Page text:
Eagle’s Eastern Canada region was a little mixed this last month.  A slow Ottawa market could be a result of budget realignment, talk of an election or because the fiscal year end is on the horizon.  Montreal however continues to be busy, driven by the financial sector and telcos but we are also seeing media companies get a little more active.
The following are some facts/indicators we are watching as of time of writing:

> The price of oil is still “up there” at a little more than $85 a barrel, with a one year forecast of $98.
> The TSX jumped more than 700 point from last month’s reading of 13,304 to 14,027.
> The Canadian dollar continues to be strong and remains North of 99 cents US.
> Prime remains at 3% however there continues to be talk about when this will go up again!
> Canada added 69,000 jobs (327,000 in the last year) and the unemployment rate was up slightly to 7.8%.
> Eagle experienced growth again in January, in the number of candidates applying, in the number of orders received from clients and in closed business. Summary

The start of January was a slow period as people continued their vacations, took a little time to get “back in the groove” and plans were made for the New Year.  As the month progressed and heading into February we saw a big increase in activity as clients looked to fill their open positions and candidates picked up their hunt for work.  In Canada we added 69,000 jobs and the unemployment rate is at 7.8% … not bad compared to 9.8% in the US and 9.6% in the EU.  The Canadian dollar is strong, which helps some sectors and hurts others … but is generally a sign of a healthy economy.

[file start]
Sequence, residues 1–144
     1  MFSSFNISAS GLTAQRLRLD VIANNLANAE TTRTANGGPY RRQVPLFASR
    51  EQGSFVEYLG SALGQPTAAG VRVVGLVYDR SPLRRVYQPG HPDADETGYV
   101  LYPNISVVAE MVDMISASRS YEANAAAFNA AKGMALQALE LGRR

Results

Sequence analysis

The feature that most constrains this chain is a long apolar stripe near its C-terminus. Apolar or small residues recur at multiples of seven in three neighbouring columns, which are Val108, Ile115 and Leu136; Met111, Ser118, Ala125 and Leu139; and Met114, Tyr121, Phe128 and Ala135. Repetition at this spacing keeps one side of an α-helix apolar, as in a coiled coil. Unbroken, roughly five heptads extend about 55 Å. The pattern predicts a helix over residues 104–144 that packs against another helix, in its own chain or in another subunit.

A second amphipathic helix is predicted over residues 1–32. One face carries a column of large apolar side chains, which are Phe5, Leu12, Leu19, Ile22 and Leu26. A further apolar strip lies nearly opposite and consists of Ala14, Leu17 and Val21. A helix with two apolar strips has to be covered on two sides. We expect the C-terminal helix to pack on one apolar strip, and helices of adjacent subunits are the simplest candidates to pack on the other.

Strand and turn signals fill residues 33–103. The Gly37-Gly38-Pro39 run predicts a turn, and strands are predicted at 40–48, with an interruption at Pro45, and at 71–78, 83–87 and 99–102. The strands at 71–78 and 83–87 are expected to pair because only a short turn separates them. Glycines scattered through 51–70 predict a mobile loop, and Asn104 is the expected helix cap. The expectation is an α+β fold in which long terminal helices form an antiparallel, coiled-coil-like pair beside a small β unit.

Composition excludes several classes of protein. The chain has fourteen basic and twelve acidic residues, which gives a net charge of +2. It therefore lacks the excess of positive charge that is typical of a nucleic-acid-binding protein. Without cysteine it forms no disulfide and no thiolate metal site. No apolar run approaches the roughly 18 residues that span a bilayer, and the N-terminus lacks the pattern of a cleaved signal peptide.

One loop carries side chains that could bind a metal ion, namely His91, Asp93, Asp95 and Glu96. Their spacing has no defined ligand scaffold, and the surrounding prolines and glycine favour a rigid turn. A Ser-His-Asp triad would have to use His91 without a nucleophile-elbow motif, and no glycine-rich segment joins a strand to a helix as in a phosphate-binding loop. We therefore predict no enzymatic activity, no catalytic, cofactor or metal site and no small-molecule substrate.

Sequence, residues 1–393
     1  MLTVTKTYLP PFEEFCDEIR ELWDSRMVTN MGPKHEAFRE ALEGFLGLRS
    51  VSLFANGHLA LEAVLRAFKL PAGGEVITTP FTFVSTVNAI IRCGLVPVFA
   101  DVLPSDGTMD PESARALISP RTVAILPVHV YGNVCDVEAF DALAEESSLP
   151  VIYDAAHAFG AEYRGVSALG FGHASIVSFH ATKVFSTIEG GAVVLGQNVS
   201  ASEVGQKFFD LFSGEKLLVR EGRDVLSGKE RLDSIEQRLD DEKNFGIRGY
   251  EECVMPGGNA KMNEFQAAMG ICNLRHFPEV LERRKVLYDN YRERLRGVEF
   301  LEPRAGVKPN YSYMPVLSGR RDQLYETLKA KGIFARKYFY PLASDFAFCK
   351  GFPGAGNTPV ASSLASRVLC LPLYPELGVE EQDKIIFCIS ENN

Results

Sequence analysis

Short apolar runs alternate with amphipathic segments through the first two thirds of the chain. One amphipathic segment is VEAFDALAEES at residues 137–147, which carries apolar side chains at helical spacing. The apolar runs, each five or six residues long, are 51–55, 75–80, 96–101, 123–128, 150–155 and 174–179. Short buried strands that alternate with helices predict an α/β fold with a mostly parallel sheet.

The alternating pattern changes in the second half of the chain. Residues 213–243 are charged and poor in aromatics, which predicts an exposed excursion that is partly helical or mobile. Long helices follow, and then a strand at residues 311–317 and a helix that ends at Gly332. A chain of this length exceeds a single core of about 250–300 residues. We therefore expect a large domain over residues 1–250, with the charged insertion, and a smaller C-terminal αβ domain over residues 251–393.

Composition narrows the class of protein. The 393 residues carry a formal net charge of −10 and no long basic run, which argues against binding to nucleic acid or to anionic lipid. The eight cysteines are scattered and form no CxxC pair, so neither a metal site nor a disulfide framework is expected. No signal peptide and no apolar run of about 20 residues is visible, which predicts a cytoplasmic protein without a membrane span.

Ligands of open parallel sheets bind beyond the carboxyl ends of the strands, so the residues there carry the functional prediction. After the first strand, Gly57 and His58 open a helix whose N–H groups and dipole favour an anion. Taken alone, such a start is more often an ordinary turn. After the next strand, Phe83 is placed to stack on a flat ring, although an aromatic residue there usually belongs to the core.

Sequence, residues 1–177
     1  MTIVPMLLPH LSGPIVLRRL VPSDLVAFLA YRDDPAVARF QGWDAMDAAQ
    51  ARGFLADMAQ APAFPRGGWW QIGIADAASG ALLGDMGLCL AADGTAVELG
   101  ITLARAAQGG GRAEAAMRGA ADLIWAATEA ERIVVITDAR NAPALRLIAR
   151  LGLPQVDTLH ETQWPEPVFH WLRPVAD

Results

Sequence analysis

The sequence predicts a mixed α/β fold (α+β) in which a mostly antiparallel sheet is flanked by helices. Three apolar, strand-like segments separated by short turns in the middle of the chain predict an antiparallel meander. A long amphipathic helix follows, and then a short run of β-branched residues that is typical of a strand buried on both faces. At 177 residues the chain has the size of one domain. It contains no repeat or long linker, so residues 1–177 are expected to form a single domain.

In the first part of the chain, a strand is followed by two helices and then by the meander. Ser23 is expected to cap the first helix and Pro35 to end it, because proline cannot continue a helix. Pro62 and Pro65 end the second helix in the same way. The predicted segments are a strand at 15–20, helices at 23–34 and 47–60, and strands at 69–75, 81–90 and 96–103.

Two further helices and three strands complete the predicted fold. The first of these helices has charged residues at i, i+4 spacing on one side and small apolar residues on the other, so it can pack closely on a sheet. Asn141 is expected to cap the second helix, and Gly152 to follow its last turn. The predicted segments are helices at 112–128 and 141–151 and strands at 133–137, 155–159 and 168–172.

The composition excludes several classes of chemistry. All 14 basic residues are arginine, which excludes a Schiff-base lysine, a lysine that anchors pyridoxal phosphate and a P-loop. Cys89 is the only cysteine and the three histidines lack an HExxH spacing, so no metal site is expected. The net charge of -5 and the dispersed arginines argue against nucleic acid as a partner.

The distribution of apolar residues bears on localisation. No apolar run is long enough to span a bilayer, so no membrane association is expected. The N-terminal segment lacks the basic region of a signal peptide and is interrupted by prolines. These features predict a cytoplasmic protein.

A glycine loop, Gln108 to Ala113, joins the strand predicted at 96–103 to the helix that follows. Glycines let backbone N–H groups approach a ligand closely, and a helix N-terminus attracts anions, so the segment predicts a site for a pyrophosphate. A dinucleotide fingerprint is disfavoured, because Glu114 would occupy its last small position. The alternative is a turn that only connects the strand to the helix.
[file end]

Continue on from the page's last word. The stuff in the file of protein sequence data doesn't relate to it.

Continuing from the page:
Across Canada the two big markets, with the most demand are Toronto and Calgary.  These are also the two cities with the most head offices, so this makes sense.  Montreal, Vancouver, Edmonton, Ottawa and the South West Ontario area are building in demand … if a little slower.

What has changed from the last boom is that companies are much more open to creative solutions to their people needs … companies are actively finding offshore and outsourced solutions.  The big demand in Canada is for skilled resources, whether that be technology, engineering and accounting professionals or tradespeople.  During the last boom in Alberta we saw a big demand for every kind of resource, with “help wanted” signs in every window and some stores closing due to lack of staff.  It remains to be seen whether we will return to those days, but I would NOT bet against it!

My standing advice to ANY company needing people is as follows:  (a) Start the process now with a strong PLANNING phase; (b) develop very clean processes to find, screen, choose, hire and onboard these new resources; and (c) know that you will have a lot of competition and therefore speed in decision making will be critical!

That was my monthly look at the Canadian job market and some of its influences.